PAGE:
Lockdowns have halted production and disrupted supply chains. Even small delays in raw material deliveries can hamper component suppliers’ production, so communication with business partners has never been more critical in gaining visibility into supplies.
Electronics manufacturers must mitigate "supply shock" by working closely with partners to manage short-term and long-term inventories. This is where an unexpected event changes the supply of a product.
This is precisely why this multinational electronics firm came to Orange Business.
The company needed to trigger a remote working program for its employees’ safety and, at the same time, ensure that communications technologies were also in place to collaborate with business partners in these unstable times.
Communication in a crisis
As the pandemic began to unfold, the multinational electronics firm came to Orange Business with a significant communications issue that could potentially cut off collaboration with its partners. The company had cancelled its Cisco Webex contract with Orange and was migrating to Microsoft Teams. The version of Webex it was using was end-of-life, and it didn’t see a need to upgrade. Then COVID-19 hit. With a massive move to home working, there was not enough time to upgrade its business partners to use Microsoft Teams.
Orange bought some time by asking Cisco to keep the company’s old Webex platform live, even though it had closed it down to all other users. Orange then worked around the clock to configure and install a new set of Webex tools on a 12-month license so that the company could continue to collaborate with its business partners through the pandemic.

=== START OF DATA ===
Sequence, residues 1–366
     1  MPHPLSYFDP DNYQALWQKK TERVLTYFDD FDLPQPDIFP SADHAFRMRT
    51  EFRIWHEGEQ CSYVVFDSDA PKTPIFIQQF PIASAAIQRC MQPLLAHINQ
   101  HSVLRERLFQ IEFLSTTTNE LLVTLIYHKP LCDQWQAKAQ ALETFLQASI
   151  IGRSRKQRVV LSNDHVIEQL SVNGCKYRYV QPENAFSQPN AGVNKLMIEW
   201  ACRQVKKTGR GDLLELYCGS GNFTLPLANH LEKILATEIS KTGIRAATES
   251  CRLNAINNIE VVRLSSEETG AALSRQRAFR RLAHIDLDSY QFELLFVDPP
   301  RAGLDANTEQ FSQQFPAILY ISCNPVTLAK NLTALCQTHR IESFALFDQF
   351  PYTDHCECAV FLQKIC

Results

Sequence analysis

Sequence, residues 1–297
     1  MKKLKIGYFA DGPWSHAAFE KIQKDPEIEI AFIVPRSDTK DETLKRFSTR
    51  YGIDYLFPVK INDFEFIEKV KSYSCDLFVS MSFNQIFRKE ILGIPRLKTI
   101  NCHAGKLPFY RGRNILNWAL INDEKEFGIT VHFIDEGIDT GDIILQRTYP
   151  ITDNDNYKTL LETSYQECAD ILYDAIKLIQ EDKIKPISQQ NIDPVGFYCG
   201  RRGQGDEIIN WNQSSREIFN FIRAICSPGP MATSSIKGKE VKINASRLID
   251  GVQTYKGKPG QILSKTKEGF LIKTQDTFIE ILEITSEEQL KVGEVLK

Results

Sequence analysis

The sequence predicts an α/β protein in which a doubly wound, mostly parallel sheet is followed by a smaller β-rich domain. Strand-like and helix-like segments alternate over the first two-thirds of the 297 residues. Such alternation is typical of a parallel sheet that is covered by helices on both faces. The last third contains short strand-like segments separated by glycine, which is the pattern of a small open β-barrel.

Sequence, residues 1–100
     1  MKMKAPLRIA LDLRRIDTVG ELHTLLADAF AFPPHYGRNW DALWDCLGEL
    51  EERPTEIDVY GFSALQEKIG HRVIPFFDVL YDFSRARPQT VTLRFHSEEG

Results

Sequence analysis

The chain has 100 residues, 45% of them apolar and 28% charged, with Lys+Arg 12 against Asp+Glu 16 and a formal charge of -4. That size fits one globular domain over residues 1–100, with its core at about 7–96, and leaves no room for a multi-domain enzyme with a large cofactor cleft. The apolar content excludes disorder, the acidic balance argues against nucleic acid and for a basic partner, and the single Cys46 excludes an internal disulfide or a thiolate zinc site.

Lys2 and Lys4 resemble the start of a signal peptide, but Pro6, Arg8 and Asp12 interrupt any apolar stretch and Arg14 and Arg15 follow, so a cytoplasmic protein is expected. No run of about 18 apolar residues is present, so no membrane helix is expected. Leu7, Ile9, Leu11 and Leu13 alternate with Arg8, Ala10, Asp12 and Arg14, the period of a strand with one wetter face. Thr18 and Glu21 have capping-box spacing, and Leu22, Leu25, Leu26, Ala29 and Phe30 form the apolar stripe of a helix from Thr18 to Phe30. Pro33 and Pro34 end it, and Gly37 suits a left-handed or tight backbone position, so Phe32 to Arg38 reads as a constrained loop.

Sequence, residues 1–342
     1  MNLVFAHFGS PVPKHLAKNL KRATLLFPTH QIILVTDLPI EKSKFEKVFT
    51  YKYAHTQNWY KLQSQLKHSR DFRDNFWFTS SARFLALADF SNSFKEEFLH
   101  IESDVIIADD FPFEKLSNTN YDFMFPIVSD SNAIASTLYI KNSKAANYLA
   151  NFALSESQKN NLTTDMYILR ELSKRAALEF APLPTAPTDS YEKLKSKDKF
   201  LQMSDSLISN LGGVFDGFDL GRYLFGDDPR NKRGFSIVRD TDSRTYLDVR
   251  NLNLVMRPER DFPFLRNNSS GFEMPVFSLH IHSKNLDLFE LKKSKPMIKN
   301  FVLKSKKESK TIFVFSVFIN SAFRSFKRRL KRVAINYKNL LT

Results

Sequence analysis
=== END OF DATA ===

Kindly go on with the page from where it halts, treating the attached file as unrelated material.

Orange also increased the capacity of the company’s virtual desktop infrastructure (VDI) licenses from 400 to 600. With VDI, engineers could still access their CAD applications securely and remotely.
As lockdowns have been happening across the world, the company has had to get tens of thousands of employees working remotely. It was evident from the beginning, however, that the company’s infrastructure could not support this many teleworkers, particularly in China, Italy and France. The company found its connectivity hubs in these three countries choked, with only half of users being able to get remote access. This resulted in a massive downturn in productivity.
Orange upgraded the number of concurrent user licenses for the VPN to 6,000 users in the space of 48 hours on receiving the first request.
With the workforce globally suddenly forced to start remote working due to lockdown, Orange received urgent requests to increase the bandwidth capacities on the pair of hub-sites for Italy, France, Switzerland and Singapore. Within a couple of hours over the weekend, the Orange team doubled the bandwidth of these hubs. It also deployed active-active configuration instead of active-backup, thereby effectively quadrupling the available bandwidth for the end-user traffic on those locations.
Containing component delays
Orange and the customer worked together in a "one team" approach to ensure the business remained fully operational and in contact with critical business partners. Orange worked on the WAN alongside the company’s internal IT team working on the LAN.
Collaboration and agility came to the fore in the face of an urgent business request. Previously only half the company’s workforce could work from home. Now 100% of users are seamlessly connected remotely, and productivity is back to near normal.